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Given the inverse rectangular function: $p(t) = \begin{cases}1&\mbox{ if }|t| > a,\\ 0 &\mbox{ if } |t| < a,\end{cases}$

where $a>0$ is real. And using the Fourier transform defined by:

$$F(p(t)) = P(\omega) = \int_{-\infty}^{\infty} p(t) e^{-i\omega t} d\omega,$$

with inverse: $$F^{-1}(P(\omega)) = p(t) = \frac{1}{2 \pi}\int_{-\infty}^{\infty} P(\omega) e^{i\omega t} d\omega.$$

Find and then plot the FT of the inverse rectangular function, $p(t)$, noting the stationary points and intercepts.


My approach has been to use a couple properties and results:

$p(t) = 1 - s(t)$

where $s(t)$ is the normal rectangular pulse function given by: $$s(t) = \begin{cases}0&\mbox{if }|t| > a,\\ 1 &\mbox{if }|t| < a.\end{cases} $$ Using the above definition of the FT, we get: $F([1]) = 2 \pi \delta (\omega)$

where $\delta (\omega)$ is a delta impulse function centered at origin, and

$F([s(t)]) = 2a\cdot \frac{\sin(\omega a)}{\omega a}$

Also, the FT is linear, hence $F([p(t)]) = F[(1)] - F([s(t)])$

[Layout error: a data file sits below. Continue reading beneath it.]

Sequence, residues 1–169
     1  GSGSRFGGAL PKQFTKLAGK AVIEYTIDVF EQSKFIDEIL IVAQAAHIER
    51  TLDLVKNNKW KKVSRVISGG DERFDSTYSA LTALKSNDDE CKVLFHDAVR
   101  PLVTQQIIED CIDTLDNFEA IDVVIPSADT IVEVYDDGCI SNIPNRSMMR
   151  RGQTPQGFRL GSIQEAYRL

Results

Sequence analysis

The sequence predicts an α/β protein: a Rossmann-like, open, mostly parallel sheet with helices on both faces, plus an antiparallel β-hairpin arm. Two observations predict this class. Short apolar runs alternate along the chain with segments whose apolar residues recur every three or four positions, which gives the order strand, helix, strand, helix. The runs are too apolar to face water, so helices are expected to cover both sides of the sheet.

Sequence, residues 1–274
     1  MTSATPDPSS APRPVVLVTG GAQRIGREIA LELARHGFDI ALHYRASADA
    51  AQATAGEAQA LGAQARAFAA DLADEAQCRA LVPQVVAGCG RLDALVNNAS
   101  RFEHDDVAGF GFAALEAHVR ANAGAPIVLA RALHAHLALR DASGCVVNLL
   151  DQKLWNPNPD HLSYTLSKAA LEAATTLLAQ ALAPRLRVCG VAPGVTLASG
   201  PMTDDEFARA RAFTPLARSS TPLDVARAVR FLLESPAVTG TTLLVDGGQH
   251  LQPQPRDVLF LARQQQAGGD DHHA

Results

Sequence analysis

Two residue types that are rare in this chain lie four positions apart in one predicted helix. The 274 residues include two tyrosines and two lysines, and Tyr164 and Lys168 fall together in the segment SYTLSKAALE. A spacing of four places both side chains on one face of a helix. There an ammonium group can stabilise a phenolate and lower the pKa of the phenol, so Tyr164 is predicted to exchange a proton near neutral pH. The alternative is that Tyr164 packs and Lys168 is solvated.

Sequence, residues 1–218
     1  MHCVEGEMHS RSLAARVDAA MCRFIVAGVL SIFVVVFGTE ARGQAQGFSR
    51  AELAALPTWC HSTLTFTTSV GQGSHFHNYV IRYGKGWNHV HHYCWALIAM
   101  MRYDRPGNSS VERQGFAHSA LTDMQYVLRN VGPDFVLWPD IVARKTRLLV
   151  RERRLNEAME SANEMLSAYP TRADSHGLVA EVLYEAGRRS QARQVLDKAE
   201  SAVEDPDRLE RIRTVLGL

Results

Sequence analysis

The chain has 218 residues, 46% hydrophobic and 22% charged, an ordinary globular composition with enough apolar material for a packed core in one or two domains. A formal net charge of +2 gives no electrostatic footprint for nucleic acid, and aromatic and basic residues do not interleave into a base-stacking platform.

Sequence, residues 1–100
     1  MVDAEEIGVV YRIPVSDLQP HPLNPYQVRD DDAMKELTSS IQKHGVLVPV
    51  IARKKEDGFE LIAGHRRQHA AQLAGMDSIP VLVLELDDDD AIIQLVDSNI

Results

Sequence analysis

Hence:

$F([p(t)]) = 2 \pi \delta (\omega) - 2a\cdot \frac{\sin(\omega a)}{\omega a}$.

Is this okay so far? Is there a simplification of this? how does one plot something like this? What exactly are the 'stationary points' of a function - are they just the points where the derivative WRT $t$ is $0$?

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    $\begingroup$ Your result is correct. You cannot (easily) plot this because the Fourier transform is in fact not a real function but a distribution. $\endgroup$ – Fabian Sep 5 '12 at 15:22
  • $\begingroup$ I see! I guess, without computer simulation, I could still analytically note the points of intercept with horizontal axis - which would just be those points where $\omega a$ is a multiple of $\pi$. Could also note the horizontal axis values of when the function has 0 slope - though, I still have to work out how to find that.. $\endgroup$ – confused Sep 5 '12 at 15:40
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Seems I answered my own question.

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